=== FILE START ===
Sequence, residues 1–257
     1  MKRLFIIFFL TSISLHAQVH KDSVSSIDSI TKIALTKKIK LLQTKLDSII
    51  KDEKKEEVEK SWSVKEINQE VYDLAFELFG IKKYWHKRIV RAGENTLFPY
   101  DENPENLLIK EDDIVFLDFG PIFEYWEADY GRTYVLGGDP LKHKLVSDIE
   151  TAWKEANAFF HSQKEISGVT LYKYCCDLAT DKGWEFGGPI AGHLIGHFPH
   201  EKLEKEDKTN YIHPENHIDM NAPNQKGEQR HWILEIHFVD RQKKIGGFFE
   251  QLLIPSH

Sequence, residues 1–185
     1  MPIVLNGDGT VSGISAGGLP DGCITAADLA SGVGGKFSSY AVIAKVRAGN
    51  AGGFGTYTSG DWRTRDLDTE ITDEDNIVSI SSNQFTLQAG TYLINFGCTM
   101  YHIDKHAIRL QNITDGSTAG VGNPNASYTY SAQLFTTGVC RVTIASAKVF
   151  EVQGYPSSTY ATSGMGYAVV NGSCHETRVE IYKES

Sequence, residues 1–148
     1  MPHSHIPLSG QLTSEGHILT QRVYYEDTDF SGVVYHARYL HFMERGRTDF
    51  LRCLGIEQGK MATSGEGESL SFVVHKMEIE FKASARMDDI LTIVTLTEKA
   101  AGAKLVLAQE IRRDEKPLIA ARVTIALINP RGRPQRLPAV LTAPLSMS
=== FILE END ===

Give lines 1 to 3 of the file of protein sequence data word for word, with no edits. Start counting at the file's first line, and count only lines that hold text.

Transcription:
Sequence, residues 1–257
     1  MKRLFIIFFL TSISLHAQVH KDSVSSIDSI TKIALTKKIK LLQTKLDSII
    51  KDEKKEEVEK SWSVKEINQE VYDLAFELFG IKKYWHKRIV RAGENTLFPY